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Playstyles & Design pt.2

In part 1 of this series I defined the styles. Now, it's time for lots of video examples. If you know of any videos that can be added to this list, send them my way. 



  • KirbyKid(Kirby) vs. Chang(CF) 6-26-07. In this match, I fight an old buddy of mine. Notice how Kirby must constantly move around in response to Captain Falcon's high speed, high range attacks. In other words, Captain Falcon sets the tempo and I try to survive and fight within it. 
  • SF4 Match of 2009: Arturo "sabin" Sanchez (Dhalsim) vs. Daigo Umehara (Ryu) [Match 9/9]. In this match, Dhalsim (the one with the long arms) is most effective at a distance. Ryu gets the advantage up close from an aggressive playstyle. The entire match displays the dynamic between these two forces/playstyles. 
  • Street Fighter: The Beast Is Unleashed. Daigo/Ken (the male character) is clearly losing the battle. The video opens up and apparently Daigo is angry, which is rare for this particular Japanese player. When your back is to the wall in a fighting game, you have to turn on the pressure and go offensive. In this video we see Daigo doing just that. But keep in mind that his opponent is none other than Justin Wong, the player known for his ultra defensive turtling style. Right at the end of the match, Wong uses a super against Daigo. If Daigo simply blocked it, the chip damage would have killed him. Using a very difficult, defensive technique (the parry) Daigo pushes the game to the limit, prevents the chip damage, and effectively turns the tide on the match coming back from nearly nothing. 
  • Halo 3 Sniper Camping by Dios Guthix. This player is playing defensively using the energy doors as cover to maximize the effectively of his powerful long range weapon. This is also a good example of playing to win because this player is riding this strategy to victory. 
  • Chess Lesson: Ruy Lopez Opening - Classical Defense.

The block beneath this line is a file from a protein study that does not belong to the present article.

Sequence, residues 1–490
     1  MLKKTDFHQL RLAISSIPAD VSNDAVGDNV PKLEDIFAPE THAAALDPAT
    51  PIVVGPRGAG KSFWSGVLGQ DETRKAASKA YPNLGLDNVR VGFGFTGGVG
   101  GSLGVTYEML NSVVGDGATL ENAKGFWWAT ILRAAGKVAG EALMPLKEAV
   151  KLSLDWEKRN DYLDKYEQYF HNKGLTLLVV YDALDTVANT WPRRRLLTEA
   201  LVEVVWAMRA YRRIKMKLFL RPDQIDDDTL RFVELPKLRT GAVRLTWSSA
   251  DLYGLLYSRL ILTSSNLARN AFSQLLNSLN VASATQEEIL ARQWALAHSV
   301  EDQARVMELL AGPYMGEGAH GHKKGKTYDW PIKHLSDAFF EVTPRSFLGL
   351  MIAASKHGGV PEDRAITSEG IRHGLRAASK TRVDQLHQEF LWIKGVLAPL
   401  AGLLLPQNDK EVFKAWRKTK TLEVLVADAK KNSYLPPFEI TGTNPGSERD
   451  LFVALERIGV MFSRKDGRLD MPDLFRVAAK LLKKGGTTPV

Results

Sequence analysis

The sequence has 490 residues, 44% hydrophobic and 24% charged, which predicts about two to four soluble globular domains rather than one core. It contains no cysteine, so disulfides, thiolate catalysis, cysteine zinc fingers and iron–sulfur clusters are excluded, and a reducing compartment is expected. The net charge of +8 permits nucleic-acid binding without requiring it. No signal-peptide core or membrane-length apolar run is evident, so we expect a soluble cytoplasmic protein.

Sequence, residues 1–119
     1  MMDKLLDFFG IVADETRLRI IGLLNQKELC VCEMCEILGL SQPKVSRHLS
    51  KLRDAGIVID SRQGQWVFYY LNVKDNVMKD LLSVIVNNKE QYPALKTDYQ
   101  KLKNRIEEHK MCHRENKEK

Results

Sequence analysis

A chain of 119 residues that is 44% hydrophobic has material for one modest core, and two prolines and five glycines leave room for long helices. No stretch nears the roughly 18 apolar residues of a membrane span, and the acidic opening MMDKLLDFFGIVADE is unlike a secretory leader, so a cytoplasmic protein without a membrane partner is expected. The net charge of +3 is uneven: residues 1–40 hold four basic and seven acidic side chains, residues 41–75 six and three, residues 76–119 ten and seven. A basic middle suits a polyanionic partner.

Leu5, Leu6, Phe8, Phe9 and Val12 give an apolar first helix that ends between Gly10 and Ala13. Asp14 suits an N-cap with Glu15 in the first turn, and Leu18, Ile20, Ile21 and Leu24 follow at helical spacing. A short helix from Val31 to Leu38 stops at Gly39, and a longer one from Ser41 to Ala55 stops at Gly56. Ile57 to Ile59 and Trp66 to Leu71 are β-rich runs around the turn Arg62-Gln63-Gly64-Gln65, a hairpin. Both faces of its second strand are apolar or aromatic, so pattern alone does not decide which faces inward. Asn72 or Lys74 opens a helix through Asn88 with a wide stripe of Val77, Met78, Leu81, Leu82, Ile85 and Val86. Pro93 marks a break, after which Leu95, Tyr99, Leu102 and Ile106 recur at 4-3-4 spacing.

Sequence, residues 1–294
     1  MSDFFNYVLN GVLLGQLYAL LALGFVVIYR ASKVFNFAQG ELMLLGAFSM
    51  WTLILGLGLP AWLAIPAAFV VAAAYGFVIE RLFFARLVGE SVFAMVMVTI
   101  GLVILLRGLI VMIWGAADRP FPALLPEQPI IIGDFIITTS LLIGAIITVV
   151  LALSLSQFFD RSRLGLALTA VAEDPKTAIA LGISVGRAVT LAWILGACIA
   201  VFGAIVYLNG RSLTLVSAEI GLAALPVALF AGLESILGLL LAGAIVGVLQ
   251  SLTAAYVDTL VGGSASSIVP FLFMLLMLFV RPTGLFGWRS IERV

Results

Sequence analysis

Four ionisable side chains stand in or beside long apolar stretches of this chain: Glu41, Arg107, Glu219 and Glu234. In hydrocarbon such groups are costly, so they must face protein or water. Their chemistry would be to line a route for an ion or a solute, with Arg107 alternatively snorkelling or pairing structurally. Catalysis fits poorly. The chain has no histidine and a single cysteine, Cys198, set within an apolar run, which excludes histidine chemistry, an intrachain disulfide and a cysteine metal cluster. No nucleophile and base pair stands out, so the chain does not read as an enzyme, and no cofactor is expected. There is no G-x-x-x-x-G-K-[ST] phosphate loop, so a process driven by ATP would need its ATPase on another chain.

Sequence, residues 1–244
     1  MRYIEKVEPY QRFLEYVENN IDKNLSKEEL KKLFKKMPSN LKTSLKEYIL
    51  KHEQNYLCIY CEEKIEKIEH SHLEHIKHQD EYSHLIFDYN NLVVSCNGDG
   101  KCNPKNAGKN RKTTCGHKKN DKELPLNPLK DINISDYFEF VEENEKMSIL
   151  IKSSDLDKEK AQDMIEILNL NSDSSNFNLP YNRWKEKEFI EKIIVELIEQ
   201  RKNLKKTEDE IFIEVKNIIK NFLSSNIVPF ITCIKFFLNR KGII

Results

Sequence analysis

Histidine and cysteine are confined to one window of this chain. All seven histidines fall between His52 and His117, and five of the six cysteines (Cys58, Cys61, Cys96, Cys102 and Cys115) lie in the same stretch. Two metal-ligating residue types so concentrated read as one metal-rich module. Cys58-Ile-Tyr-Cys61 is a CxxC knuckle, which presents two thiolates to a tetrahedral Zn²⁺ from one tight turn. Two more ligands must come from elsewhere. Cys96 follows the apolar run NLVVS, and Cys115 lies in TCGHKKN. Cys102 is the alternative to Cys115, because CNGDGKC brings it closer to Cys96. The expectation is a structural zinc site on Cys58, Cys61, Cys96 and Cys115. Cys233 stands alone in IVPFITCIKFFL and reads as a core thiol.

• Advance Wars: Days of Ruin. Anouleth vs. GipFace. Notice how the blue player retreats away from the middle of the field and bolsters his defense with long range/indirect attacking units. Whenever a player retreats in a tactical/strategy game, they are usually playing in a defensive mode by responding to an opponent's strong move/position or giving up the ability to set the tempo. 
  • Justin Wong (Fei Long) vs Mario (Zangief). In true Bruce Lee fashion, Fei Long (the skinny Bruce Lee looking character) plays both sets using an explosive defensive style. By hovering just outside of his opponent's comfort zone, he can dance around, react, and poke his opponent to death. 
  • Famous Chess Games: The Immortal Draw. If you can't win a chess game, the next best thing to do is to draw. Becoming good at retreating, worming out of checkmates, and positioning your King just right can be the difference between losing and continuing the fight. 

The Specialist

  • Timedog - Saikyo Ryu. This Ryu player specializes in using grabs. Though this match isn't played on a high tournament level, the playstyle is clear. 
  • SSMB Shined Blind. In this video, the character Fox uses the reflector move or "shine" in a variety of different ways to achieve victory over the opponents. Notice how the shine can be used in a defensive or aggressive playstyle.